Make a Difference Day- Keweenaw Shores II at Dan’s Point

10/22/11. Make A Difference Day – Keweenaw Shores II At Dan’s Point

A flower found at Dan's Point. Photo from MNA Archives.

Dans Point in the winter. Photo from MNA Archives.

Fourteen students from Michigan Technological University, members from both the Society of Clinical Laboratory Scientists and Phi Sigma – National Biological Honor Society, volunteered at an MNA sanctuary on “Make a Difference Day.” These hardworking students were instructed to dress for the elements and bring along work gloves; their job was to remove invasive spotted knapweed from a rocky shoreline on the shores of Lake Superior.

Nancy Leonard, the steward of the Keweenaw Shores II Nature Sanctuary enlisted naturalist Karena Schmidt and botanist Janet Marr to provide helpful instruction to the students. The goals for this volunteer day included helping students understand the threat of spotted knapweed and other invasive plants to sensitive environments, enable them to identify spotted knapweed in different stages of growth, and showing them how to correctly remove and dispose of the uprooted plants.

Removing knapweed from the shoreline portion of this nature sanctuary is an ongoing project. Keweenaw Shores II is home of a number of special concern and threatened plants, including pale painted cup (Castilleja septentrionalis) and common butterwort (Pinguicula vulgaris.) Lesser purple fringed orchids (Platanthera psycodes) and birdseye primrose (Primula mistassinica) are also found here.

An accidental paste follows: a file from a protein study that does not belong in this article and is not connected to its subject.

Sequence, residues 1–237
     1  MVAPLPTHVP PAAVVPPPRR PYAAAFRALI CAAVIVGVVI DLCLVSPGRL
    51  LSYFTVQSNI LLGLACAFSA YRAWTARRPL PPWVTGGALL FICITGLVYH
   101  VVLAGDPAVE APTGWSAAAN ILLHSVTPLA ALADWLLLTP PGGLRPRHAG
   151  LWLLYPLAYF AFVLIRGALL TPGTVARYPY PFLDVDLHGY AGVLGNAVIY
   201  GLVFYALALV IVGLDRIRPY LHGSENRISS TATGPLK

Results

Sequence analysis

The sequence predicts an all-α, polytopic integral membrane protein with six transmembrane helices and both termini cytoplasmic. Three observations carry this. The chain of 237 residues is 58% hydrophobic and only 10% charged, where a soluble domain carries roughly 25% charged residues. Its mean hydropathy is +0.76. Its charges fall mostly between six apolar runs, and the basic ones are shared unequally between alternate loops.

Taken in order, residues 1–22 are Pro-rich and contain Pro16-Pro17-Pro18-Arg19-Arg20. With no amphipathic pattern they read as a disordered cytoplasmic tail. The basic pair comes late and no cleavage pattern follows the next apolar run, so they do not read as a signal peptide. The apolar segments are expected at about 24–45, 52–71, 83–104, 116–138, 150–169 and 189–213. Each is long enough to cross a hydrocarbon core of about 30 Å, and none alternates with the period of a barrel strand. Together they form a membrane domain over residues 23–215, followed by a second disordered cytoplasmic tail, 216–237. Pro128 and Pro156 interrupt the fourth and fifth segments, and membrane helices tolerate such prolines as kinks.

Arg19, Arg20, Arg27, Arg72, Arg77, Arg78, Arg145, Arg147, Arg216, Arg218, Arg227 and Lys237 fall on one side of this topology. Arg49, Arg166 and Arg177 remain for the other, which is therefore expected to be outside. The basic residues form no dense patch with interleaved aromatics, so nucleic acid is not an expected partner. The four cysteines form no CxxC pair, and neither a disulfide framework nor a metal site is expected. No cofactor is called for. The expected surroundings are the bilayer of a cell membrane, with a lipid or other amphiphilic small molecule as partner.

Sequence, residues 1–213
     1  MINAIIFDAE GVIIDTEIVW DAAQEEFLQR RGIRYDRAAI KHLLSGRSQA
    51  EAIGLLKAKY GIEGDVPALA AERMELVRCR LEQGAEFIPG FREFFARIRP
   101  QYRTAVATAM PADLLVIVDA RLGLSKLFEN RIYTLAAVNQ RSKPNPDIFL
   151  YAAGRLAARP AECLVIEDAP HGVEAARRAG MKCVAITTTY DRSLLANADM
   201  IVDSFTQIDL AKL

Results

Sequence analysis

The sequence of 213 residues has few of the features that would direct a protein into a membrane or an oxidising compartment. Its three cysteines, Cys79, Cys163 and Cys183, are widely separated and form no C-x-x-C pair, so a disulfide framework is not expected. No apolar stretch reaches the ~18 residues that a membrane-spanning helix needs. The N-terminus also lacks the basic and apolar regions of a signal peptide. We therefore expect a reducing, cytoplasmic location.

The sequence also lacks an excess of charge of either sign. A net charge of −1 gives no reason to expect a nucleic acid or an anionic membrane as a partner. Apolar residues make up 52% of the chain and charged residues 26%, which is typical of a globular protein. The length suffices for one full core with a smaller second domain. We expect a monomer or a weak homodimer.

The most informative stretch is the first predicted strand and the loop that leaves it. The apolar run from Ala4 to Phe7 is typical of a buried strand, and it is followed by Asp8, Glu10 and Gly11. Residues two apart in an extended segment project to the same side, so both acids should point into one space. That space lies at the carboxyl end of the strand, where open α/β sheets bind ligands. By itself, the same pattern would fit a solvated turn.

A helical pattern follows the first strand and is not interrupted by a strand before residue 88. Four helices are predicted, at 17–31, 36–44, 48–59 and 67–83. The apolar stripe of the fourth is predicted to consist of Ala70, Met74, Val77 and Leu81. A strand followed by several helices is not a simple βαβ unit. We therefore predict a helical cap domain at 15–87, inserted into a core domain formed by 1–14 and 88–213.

Equipped with borrowed tools and new knowledge, the students enthusiastically tackled the project at hand. The approach was to work from the eastern boundary of the sanctuary and move over the rocky beach area. Many students set about digging up the offending plant, while others worked to locate the plants and flag them to be dug up.

After three hours of hunting and digging out knapweed on the shoreline of Keweenaw Shores II, the volunteers gathered eight bags of the invasive plant to be double bagged and disposed of at the local landfill. The project was a success and certainly will “make a difference” to the protection of natural heritage at the sanctuary.

MTU students – Society of Clinical Laboratory Scientists and Phi Sigma, the National Biological Honor Society

Brianne, a student who helped organize the work outing with MNA Steward Alice Soldan said, “We all had a great time yesterday! It was such a fun experience, and I’m sure we would love to come back in the future. Thanks for a wonderful Saturday!”


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